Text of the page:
ding to research results.
"In Phase 3 clinical trials of TMC-114, the majority of patients receiving the drug did very well with relatively few side effects," Mitsuya said. "Those patients showed a significant increase in their CD4 cell counts. Many of those patients have been treated for a year or more and have shown no signs of developing a significant resistance to the drug."
Ghosh is now expanding on his design, making alterations to the original molecule aimed at making even more effective treatments. "The most recent protease inhibitors we created are exceedingly potent," he said. Ghosh's work has opened the door to a new path for antiretroviral therapy.
"Earlier, researchers were unsure of how to deal with drug-resistant viruses," he said. "Problems that arose with treatments developed in the 1990s were disheartening. There was no concept on the horizon. We created a conceptually new class of protease inhibitors to combat drug resistance. That has renewed excitement in antiretroviral treatment and provided a direction for the future."
These new protease inhibitors are beneficial for reasons beyond their potency and enduring effectiveness, Ghosh said.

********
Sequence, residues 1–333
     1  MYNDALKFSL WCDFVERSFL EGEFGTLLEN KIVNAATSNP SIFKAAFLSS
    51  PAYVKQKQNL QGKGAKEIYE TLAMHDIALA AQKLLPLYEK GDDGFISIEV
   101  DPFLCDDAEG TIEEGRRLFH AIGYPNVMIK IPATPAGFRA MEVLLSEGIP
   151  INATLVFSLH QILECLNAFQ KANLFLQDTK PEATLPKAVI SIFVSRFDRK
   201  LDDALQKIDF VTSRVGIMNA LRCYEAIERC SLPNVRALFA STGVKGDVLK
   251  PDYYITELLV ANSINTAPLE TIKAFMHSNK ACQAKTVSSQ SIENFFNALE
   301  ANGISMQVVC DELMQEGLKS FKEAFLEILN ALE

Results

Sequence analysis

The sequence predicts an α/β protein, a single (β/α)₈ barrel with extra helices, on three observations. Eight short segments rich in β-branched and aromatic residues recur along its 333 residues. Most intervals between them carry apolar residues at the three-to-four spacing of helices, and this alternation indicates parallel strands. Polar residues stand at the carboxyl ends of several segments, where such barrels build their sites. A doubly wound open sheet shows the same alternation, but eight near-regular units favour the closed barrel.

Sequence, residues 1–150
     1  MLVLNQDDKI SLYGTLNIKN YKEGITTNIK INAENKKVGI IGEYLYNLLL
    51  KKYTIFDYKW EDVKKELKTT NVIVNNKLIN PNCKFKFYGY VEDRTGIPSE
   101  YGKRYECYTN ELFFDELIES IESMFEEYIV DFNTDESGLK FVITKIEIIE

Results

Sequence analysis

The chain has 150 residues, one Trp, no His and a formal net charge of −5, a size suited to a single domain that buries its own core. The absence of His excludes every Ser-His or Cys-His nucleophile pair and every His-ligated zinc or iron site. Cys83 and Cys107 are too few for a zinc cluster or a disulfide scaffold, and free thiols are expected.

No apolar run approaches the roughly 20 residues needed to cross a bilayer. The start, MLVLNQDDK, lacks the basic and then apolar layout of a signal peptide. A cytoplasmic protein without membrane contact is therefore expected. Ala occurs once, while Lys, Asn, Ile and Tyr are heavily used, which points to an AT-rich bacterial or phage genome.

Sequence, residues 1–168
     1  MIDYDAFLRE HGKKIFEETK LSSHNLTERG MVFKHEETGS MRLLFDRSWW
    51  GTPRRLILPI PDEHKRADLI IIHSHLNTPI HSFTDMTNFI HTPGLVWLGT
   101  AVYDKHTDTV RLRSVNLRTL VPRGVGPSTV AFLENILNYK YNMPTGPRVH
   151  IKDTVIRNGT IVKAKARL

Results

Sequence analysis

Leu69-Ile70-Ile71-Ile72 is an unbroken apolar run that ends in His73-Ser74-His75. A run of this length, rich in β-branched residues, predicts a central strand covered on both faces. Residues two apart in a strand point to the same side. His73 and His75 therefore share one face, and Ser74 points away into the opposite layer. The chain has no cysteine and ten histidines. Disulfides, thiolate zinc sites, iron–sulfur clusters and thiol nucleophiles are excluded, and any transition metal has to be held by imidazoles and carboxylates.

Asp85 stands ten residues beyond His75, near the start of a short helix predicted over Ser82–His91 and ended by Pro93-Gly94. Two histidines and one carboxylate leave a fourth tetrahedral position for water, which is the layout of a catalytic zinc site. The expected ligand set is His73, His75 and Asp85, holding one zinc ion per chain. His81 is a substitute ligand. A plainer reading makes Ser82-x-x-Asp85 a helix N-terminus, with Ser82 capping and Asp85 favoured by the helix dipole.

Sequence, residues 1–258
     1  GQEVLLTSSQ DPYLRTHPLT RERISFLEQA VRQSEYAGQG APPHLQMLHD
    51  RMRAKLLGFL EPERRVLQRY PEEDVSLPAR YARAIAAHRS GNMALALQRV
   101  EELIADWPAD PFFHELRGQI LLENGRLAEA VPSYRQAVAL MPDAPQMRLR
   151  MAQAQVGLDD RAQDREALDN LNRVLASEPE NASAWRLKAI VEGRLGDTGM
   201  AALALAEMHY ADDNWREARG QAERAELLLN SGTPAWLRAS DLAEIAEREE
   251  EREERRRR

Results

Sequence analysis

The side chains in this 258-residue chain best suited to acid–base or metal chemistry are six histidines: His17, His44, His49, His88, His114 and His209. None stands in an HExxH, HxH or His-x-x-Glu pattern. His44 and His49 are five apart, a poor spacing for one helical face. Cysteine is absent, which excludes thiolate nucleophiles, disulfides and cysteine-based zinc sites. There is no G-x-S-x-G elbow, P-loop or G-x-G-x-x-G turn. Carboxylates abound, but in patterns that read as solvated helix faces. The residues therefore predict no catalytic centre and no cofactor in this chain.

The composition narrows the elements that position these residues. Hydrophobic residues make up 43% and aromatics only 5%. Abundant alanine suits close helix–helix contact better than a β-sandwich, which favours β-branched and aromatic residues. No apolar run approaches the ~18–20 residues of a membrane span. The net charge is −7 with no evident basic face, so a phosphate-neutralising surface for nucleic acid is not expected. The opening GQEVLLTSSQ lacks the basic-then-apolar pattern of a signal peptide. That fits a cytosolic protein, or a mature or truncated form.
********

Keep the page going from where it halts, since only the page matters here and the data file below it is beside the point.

"Because they are synthetic, lab-created materials, they are amenable to cost-effective mass production. Keeping costs down greatly increases the accessibility of the drugs to Third World countries where the epidemic is worst."
The design, synthesis and evaluation of these new protease inhibitors will be detailed in a paper in the Aug. 24 issue of the Journal of Medicinal Chemistry and is currently available on the journal's Web site.
Irene Weber of Georgia State University, Eric Walters of Rosalind Franklin University of Medicine and Mitsuya co-authored the papers with Ghosh. Mitsuya characterized the molecules' effectiveness and Walters and Weber performed the crystallography that provided images of the molecules' structures.
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